Anagram, which follows, presents you with jumbled words which make up the names of UK towns and cities. If you're not feeling too bright, you can get the computer to shuffle the letters at random until they give you more of a clue. There are 200 towns held in data statements, so the game could be used as a versatile educational training exercise. Donkey is a good party game - very close to the original. A realistic and colourful animal appears on the screen, and you steer a tail round the screen with a joystick (supposedly while blindfold!). The closer you get, the higher becomes the note from the loudspeaker, and pressing the button fixes the tail. Points are awarded unless you are spot-on, when you are declared the outright winner. Dice is a poker-type game with dice, and Circles relies on memory and estimation skills.
Artist is a very strange program and should appeal to frustrated Miros and Kandinskys everywhere. Up to four people can select a choice of colour, shape and block preferences, and the Dragon proceeds to draw an abstract random picture. When you are happy with the result, it is stored on a graphics page and the other artists have their turn. At the end, a human or the computer (!) can judge which is the best effort. There is no clue what the criteria for a good picture are, but it seems a little unfair for the computer to judge what is actually its own efforts. It is, however, an amusing concept.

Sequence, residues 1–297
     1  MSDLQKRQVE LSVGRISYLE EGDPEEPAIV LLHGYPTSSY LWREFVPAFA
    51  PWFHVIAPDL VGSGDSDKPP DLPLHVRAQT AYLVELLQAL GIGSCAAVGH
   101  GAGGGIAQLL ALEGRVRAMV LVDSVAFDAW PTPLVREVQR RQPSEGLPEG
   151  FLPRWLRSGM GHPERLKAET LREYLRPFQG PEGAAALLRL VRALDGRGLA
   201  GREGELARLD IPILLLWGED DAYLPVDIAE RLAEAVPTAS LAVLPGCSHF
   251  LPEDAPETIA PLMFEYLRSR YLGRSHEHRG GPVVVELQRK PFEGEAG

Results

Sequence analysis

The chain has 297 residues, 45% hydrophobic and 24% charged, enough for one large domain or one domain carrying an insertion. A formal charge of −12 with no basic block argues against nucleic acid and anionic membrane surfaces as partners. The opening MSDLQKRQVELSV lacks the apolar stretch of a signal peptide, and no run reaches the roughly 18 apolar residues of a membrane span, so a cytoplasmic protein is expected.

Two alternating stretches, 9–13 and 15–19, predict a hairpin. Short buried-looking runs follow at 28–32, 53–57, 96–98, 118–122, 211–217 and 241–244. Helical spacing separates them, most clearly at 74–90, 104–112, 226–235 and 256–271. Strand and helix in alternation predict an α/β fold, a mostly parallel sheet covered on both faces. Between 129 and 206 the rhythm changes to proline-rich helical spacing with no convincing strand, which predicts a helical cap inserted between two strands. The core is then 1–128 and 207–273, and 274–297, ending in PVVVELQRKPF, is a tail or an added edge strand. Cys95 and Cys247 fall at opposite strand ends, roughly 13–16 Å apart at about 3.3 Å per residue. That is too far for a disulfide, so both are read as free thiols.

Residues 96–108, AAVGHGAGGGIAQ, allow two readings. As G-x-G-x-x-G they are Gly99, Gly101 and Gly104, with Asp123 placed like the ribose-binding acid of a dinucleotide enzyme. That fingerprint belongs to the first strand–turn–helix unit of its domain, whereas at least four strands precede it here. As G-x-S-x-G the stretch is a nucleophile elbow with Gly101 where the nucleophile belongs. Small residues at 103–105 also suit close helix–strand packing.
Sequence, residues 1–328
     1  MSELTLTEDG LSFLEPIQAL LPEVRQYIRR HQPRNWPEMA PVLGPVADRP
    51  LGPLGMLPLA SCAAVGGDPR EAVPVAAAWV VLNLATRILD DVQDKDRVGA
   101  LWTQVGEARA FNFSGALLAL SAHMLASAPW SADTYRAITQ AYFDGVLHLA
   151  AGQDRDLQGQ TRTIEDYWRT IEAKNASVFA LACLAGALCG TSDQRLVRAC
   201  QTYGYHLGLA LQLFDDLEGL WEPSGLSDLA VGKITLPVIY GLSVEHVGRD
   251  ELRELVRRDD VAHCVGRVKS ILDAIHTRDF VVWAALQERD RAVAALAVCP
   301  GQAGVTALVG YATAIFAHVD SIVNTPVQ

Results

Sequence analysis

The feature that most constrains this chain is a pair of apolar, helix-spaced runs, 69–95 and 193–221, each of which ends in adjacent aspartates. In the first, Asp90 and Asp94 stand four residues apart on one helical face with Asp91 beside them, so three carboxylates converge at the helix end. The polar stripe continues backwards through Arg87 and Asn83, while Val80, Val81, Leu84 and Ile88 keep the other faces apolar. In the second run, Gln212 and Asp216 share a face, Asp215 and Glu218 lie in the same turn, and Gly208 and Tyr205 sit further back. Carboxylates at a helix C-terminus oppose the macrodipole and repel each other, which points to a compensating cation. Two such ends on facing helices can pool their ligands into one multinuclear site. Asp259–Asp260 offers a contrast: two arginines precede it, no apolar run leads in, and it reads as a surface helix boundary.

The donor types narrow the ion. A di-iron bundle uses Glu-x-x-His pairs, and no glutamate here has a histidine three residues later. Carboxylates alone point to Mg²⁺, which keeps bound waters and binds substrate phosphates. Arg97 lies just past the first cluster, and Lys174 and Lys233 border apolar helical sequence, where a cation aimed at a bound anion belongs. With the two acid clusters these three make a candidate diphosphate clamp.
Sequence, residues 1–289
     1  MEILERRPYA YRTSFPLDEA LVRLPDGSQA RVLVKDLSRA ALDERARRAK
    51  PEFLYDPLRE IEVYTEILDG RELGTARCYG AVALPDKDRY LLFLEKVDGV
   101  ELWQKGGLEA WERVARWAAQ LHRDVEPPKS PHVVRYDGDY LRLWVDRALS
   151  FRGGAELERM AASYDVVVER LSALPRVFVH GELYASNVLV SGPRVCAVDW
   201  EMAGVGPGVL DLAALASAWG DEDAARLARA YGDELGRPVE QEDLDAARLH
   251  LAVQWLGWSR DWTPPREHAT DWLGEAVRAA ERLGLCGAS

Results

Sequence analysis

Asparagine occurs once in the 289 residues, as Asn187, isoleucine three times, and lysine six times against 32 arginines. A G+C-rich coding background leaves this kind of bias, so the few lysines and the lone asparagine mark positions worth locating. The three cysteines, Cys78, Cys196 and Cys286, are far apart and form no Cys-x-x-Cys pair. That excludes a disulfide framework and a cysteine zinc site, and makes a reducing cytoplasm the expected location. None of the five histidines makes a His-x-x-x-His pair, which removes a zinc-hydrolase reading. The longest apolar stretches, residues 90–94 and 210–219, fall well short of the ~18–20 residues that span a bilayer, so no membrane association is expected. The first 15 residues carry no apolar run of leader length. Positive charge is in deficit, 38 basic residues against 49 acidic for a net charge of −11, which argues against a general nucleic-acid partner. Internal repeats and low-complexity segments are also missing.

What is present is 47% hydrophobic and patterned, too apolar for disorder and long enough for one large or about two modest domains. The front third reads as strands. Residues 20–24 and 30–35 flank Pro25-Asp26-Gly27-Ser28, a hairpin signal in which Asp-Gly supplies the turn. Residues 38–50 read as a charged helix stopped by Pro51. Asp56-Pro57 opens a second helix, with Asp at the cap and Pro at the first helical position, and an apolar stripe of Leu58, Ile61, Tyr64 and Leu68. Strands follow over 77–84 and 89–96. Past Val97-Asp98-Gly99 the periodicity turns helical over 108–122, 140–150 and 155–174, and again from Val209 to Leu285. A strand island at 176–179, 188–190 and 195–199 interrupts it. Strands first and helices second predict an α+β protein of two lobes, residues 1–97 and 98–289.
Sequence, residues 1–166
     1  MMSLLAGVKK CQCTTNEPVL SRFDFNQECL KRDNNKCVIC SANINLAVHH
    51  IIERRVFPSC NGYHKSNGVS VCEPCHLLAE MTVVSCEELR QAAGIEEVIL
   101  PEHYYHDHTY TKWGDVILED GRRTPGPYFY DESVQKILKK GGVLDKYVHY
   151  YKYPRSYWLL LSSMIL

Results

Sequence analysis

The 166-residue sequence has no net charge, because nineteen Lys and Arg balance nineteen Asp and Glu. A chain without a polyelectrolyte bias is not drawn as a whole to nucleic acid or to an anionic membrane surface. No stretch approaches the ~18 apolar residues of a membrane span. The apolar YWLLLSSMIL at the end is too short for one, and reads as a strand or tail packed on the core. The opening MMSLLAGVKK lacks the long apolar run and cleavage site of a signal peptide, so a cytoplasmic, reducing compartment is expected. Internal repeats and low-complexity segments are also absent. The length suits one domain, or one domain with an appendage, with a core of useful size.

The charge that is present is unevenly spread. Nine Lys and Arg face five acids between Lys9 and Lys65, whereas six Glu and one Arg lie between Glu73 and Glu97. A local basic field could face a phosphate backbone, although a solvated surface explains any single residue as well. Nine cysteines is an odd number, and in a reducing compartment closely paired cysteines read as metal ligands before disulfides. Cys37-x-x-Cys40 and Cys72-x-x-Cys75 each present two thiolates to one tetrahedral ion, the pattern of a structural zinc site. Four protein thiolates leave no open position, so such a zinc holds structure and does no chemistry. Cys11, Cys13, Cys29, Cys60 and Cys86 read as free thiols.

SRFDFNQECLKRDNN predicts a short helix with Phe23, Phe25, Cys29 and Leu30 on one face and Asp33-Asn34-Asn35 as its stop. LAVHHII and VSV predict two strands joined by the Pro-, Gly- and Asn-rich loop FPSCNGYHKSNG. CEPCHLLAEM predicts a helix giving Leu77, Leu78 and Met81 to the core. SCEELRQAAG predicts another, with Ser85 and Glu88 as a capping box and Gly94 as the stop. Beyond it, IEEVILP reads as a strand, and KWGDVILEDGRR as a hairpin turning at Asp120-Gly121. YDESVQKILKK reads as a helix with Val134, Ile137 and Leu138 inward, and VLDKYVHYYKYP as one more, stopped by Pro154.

Musical is the last program on the cassette and is essentially just for lazy musical chairs players. It uses the computer to switch on and off a music cassette and keeps track of who falls on the floor. Although by no means the most exciting tape in the review, Shards' Fun and Games does provide for £5.00 a selection of eight entertaining games to liven up a children's party.
Now for two games that you would only produce at a party when you wanted your guests to leave, unless they happened to be war-game fanatics, that is. Some time ago I reviewed the rather blood-thirsty program Samurai Warrior, in which you follow the rules of the Knights of Bushido fairly accurately, i.e. you can achieve quite a good score by ritually disembowelling yourself - just the sort of game to brighten up a rainy evening.
M C Lothlorien has turned to Ancient Greece for its Tyrant of Athens. Without examining the structure of the games in great detail, Tyrant appears to be similar to Samurai, although it is not quite as gory. You are attacked by various armies and navies from other city states and surrounding countries. You have to balance your forces to defeat them as well as controlling the farming economy. This certainly scores over text-only "kingdom"-adventure games, in that it uses graphics as well as can be achieved, given the slowness of Basic. There are maps showing you the origins of your enemies and also rather stylised armies or navies bumping into each other. The instructions on the sleeve insert are clear, in fact rather detailed, and the game is certainly not over-priced at £6.95.
Strategic Command from Romik Software is considerably more complicated than Tyrant of Athens. It can, however, be very addictive, and if you happen to be spirited away to Roy Plomley's island paradise, then you could add this program to the Works of Shakespeare and the Bible - it would certainly keep you occupied for hours - if only working out the complicated instructions.